The new government—hoping to undermine the National Movement—passed a fatwa (legal opinion) from Şeyhülislam to qualify the Turkish revolutionaries as infidels, calling for the death of its leaders.The fatwa stated that true believers should not go along with the nationalist (rebels) movement. Along with this religious decree, the government sentenced Mustafa Kemal and prominent nationalists to death in absentia. At the same time, the müfti of Ankara Rifat Börekçi in defense of the nationalist movement, issued a counteracting fatwa declaring that the capital was under the control of the Entente and the Ferit Pasha government. In this text, the nationalist movement's goal was stated as freeing the sultanate and the caliphate from its enemies.
Mustafa Kemal expected the Allies neither to accept the Harbord report nor to respect his parliamentary immunity if he went to the Ottoman capital, hence he remained in Anatolia. Mustafa Kemal moved the Representative Committee's capital from Erzurum to Ankara so that he could keep in touch with as many deputies as possible as they traveled to Constantinople to attend the parliament. He also started a newspaper, the Hakimiyet-i Milliye (National Sovereignty), to speak for the movement both in Turkey and the outside world (10 January 1920).
Mustafa Kemal declared that the only legal government of Turkey was the Representative Committee in Ankara and that all civilian and military officials were to obey it rather than the government in Constantinople. This argument gained very strong support, as by that time the Ottoman Parliament was fully under Allied control.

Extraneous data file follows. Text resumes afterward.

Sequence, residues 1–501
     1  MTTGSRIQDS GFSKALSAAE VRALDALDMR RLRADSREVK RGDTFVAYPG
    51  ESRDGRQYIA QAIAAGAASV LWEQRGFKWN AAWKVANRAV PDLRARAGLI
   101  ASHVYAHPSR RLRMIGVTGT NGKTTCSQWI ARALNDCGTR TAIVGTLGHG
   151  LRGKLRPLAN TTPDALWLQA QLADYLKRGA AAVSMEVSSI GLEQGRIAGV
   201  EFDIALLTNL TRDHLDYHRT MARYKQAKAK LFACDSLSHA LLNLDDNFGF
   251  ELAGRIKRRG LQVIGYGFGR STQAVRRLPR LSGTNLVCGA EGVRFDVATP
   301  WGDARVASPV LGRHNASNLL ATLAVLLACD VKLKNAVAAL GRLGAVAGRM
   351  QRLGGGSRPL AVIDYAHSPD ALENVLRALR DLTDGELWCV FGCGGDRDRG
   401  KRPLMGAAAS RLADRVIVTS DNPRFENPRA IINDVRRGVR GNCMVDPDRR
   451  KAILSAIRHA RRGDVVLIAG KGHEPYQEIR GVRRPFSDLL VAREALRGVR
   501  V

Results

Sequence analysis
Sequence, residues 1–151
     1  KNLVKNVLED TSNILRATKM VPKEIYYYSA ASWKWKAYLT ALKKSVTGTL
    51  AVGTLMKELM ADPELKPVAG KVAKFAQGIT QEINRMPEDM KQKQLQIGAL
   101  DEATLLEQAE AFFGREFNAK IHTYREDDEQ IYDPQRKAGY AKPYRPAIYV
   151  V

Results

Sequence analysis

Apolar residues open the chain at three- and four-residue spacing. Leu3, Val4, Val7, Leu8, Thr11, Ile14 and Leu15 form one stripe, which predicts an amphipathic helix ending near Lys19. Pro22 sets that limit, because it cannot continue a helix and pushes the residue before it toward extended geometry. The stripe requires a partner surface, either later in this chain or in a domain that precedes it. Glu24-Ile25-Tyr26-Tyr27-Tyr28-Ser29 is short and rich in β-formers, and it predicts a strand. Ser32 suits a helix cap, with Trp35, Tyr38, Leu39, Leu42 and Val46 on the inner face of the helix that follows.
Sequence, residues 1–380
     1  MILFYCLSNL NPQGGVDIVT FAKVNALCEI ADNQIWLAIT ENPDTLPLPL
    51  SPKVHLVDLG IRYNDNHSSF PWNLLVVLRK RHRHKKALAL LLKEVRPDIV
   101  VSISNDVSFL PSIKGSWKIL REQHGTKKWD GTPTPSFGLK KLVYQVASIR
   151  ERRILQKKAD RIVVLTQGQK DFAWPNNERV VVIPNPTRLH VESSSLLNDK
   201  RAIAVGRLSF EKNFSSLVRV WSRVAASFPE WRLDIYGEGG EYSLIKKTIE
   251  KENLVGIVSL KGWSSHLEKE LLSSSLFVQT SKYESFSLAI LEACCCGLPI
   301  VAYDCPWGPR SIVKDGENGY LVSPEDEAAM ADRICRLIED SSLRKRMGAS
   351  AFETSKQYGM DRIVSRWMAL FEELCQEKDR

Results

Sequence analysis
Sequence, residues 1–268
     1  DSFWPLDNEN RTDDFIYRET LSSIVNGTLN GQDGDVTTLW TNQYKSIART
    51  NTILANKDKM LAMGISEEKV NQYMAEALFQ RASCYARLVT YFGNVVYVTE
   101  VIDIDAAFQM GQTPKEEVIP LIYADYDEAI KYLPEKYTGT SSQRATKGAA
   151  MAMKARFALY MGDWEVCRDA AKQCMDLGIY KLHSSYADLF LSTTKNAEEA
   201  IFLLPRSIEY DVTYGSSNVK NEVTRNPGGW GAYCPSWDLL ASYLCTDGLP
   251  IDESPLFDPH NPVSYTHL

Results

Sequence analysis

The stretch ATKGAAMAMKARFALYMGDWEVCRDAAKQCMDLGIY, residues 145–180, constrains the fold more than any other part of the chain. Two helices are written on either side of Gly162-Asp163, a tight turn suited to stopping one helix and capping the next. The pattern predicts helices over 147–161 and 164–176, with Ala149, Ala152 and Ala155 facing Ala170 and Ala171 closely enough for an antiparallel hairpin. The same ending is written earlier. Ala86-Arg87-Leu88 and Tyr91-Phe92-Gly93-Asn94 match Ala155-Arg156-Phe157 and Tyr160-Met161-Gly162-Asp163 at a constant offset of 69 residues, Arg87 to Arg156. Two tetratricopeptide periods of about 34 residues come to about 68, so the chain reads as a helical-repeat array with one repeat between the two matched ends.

The strong measures taken against the nationalists by the Ottoman government created a distinct new phase. Mustafa Kemal sent a note to the governors and force commanders, asking them to implement the election of delegates to join the GNA, which would convene in Ankara. Mustafa Kemal appealed to the Islamic world, asking for help to make sure that everyone knew he was still fighting in the name of the sultan who was also the caliph. He stated he wanted to free the caliph from the Allies. Plans were made to organize a new government and parliament in Ankara, and then ask the sultan to accept its authority.
A flood of supporters moved to Ankara just ahead of the Allied dragnets. Included among them were Halide Edip, Adnan (Adıvar), İsmet (İnönü), Mustafa Kemal's important allies in the Ministry of War, and Celaleddin Arif, the president of the Chamber of Deputies. Yunus Nadi (Abalıoğlu), the owner of Yeni Gün newspaper, journalist-author and deputy of Izmir, Halide Edip (Adıvar) met in Geyve on 31 March. Two intellectuals discussed the necessity that a news agency should be established to counter the allied occupation administration's censure over the news. They chose Anadolu as the name. Mustafa Kemal, whom they meet in Ankara, immediately launched initiatives to herald the establishment of the Anadolu Agency.Mustafa Kemal wanted to transmit news stories to the world. Kemal also stressed the importance of making the national struggle heard inside and outside of the country. Celaleddin Arif's desertion of the capital was of great significance. Celaleddin Arif stated that the Ottoman Parliament had been dissolved illegally. The Armistice did not give Allies the power to dissolve the Ottoman Parliament and the Constitution of 1909 had also removed the Sultan's power to do so, to prevent what Abdülhamid did in 1879.